Courtesy of this information is Wiki Pedia. I was reading through it so i thought to share it with my readers.

Hope you will enjoy…Looking forward to hear from my readers… This is Shwetal Signing off for now. I will be back

Shwetal – An Avid Writer.

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Islamic Finance

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Many of us have heard of traditional banking. But h0w many of us have actually heard of Islamic financial policies. Let’s take a interesting look at what is Islamic finance? The way it operates.  Just to let everyone know this information about Islamic finance is taken from MCB.org.uk. All I am trying to do is spread the knowledge.

 

What is Islamic Finance?

The basis of Islamic Finance denounces usury, termed as riba (which is the lending of money at exorbitant rates) but it doesn’t stop just there. The concept is more accurately that money has no intrinsic value – it is only a measure of value, and since money has no value itself, there should be no charge for its use. Therefore, Islamic Finance is said to be asset based as opposed to currency based whereby an investment is structured on exchange or ownership of assets, and money is simply the payment mechanism to effect the transaction. The basic framework of an Islamic Financial System is based on elements of Shariah, which governs Islamic societies. Shariah, the law of Islam, originates from two principal sources: the Quran, the Holy Book of the Muslims and its practices; and the Sunnah , the way of life prescribed as normative in Islam, based on the teachings and practices of Prophet Muhammad (pbuh).

   When did Islamic Finance start being used?

 As mentioned, the basis of Islamic Finance is from the Shariah, so the concepts of Islamic Finance have been around since the origination of Islam itself. The practices of what we see today have been used throughout the last 1500 odd years across the modern Muslim world and beyond. The modern Islamic finance really originated in the 1960s, escalating with the petro-dollar boom of the 1970s when in 1975, the Islamic Development Bank was formed to promote acceptable financial practices according to Islam. While many banks originating in the Middle East strictly follow these principles, many also follow Western practices of finance, with a number following both practices to cater for both markets. Interestingly, many of the internationals larger banks (with HSBC, UBS and Citigroup as notable examples) all have Islamic banking arms, both in the Middle East and the West.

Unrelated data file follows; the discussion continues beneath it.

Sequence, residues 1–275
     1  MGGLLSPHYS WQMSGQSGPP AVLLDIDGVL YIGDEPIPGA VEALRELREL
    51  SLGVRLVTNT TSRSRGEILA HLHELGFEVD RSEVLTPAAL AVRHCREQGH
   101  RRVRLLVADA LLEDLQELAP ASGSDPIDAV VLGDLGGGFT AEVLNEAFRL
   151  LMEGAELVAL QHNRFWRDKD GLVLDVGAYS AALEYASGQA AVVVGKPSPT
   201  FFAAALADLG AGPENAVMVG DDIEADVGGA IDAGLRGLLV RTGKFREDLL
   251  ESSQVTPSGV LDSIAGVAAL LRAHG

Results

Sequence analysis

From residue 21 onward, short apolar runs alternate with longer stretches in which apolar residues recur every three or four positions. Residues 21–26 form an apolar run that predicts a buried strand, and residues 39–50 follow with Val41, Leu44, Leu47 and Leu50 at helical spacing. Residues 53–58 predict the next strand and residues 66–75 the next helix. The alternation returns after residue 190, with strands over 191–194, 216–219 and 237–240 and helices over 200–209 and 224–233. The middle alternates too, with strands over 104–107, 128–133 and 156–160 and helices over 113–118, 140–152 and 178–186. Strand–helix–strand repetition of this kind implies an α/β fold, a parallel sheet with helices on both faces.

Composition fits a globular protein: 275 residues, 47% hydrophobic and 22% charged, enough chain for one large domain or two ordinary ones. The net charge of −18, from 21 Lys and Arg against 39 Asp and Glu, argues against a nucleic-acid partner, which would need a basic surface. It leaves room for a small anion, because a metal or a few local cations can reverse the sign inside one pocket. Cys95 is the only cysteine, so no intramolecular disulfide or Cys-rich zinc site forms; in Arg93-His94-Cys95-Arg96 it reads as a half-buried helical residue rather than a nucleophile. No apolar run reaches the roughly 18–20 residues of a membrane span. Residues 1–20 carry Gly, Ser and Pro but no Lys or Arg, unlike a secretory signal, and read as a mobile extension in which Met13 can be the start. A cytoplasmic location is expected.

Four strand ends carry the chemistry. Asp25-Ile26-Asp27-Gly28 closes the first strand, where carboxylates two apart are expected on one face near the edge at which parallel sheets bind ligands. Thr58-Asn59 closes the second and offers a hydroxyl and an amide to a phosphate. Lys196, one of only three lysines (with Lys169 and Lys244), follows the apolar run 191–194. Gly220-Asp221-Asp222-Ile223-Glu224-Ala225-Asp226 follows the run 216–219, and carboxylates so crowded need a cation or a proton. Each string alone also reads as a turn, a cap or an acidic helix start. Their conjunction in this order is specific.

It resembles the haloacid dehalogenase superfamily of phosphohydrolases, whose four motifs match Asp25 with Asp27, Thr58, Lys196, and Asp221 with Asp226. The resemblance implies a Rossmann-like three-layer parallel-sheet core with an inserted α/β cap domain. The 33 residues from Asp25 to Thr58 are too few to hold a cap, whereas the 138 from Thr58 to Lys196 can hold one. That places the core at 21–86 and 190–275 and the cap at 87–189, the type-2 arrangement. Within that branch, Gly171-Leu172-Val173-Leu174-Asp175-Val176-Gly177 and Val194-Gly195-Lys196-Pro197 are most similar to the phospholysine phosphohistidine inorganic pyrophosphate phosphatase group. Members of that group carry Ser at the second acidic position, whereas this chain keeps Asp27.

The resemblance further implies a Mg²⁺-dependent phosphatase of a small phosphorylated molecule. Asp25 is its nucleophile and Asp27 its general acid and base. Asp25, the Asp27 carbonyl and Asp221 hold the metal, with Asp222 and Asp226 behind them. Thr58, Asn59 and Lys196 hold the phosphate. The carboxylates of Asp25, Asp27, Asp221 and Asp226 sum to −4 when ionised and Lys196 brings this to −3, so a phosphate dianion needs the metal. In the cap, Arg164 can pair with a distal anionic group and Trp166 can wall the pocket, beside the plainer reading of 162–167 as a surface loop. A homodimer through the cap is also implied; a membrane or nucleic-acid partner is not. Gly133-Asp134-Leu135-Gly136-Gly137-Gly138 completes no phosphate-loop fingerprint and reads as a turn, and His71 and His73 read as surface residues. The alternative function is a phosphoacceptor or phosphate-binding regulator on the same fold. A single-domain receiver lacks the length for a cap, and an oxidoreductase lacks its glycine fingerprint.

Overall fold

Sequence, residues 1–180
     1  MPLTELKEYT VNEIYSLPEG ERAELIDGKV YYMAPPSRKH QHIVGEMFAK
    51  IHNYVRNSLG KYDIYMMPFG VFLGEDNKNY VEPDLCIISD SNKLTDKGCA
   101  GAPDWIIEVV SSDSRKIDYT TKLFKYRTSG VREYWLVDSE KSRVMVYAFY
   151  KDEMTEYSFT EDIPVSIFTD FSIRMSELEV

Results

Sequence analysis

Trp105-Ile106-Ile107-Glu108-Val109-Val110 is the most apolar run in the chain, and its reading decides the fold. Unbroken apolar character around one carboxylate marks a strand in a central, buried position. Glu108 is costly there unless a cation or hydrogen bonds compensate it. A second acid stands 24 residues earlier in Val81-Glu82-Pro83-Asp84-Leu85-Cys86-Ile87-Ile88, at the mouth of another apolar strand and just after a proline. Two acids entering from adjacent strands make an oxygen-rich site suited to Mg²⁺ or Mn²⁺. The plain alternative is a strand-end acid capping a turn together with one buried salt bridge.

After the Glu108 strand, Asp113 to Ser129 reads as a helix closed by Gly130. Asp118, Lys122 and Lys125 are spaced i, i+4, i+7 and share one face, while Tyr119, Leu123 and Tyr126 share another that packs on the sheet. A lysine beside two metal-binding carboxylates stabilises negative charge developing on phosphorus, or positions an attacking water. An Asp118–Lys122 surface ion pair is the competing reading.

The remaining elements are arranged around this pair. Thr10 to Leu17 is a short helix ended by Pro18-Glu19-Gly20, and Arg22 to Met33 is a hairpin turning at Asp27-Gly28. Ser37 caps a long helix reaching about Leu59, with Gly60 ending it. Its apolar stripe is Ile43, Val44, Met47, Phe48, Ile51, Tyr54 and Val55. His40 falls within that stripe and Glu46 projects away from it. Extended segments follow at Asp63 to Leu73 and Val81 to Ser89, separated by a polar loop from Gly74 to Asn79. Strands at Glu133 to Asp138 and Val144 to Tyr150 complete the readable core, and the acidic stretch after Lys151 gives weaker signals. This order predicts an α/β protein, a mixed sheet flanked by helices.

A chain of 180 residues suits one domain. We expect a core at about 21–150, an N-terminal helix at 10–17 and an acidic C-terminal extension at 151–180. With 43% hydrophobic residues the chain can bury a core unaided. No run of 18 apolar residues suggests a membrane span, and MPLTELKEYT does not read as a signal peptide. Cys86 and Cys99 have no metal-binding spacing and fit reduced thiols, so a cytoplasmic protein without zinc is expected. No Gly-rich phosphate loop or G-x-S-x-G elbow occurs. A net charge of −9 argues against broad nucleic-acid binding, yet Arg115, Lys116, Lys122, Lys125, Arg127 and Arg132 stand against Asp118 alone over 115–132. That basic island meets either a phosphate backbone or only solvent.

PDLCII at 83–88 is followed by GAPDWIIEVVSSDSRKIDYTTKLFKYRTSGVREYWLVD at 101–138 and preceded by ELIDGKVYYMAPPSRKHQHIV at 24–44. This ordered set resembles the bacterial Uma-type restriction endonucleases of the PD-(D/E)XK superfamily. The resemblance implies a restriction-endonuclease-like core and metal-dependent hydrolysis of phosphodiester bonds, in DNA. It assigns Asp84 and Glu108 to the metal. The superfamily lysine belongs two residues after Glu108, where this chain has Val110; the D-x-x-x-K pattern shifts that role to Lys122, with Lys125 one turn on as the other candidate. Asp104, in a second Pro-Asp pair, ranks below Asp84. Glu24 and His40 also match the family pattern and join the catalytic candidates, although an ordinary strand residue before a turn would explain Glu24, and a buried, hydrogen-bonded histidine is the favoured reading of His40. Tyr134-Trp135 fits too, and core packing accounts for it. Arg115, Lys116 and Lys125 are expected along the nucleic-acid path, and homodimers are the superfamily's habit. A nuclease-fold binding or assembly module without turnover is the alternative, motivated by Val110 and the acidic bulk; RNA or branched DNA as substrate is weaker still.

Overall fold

What are the main principles of Islamic Finance?

 The main principles of Islamic Finance include:                     

The prohibition or taking or receiving interest at exorbitant rates (Riba), but this does not preclude a rate of return on investment which is agreed up front by both parties contracting. In most cases, the references to interest rates by Islamic financial institutions are to help benchmark the return on investment to offer transparency. This does not imply interest is being used in the transaction.

 Risk in any transaction must be shared between at least two parties so that the provider of capital and the entrepreneur share the business risk in return for a share in profit.

 The prohibition of speculative behaviour (Gharar), meaning that gambling (Maysir) and extreme uncertainty or risk is prohibited and thus contractual obligations and disclosure

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Innovation …. World awaits

Leaders of the G20 pose for photos at the G20 ...

Leaders of the G20 pose for photos at the G20 Summit on Financial Markets and the World Economy in Washington, D.C. on November 15, 2008. (Photo credit: Wikipedia)

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“Dreamers are mocked as impractical. The truth is they are the most practical, as their innovations lead to progress and a better way of life for all of us.”
― Robin S. Sharma

As always i am back with something new and for a change a buzz word called innovation. Now we have been hearing this word tons of times in our lives . There have been products which have made our lives easy . There have been services that have been innovative so much that we these days order even glossaries online.  So whats the problem . Why is the current world economy is in so distress ?  I am looking for an answer and the answer lies within our pasts.

Lets take a classic example , the crisis of financial markets in 2007 . Now the reason i am talking about these crisis for the very reason that it impacted not only american economy but the world economy. Collateral debt obligations. If we take a look at the whole process it would sounds so funny that at each step of these CDO’s being sold , it lacked regulations.  Many of the economists had suggested the after effects of this , but it seems that there was a element of overconfidence and lack of risk management which led to the fall of many financial which the world has witnessed.  The government printing dollars , pumping cash into the markets but how long u can keep printing dollars. We had millions of people across the globes loosing their jobs , houses , many of them have to sell newspapers , what an agony.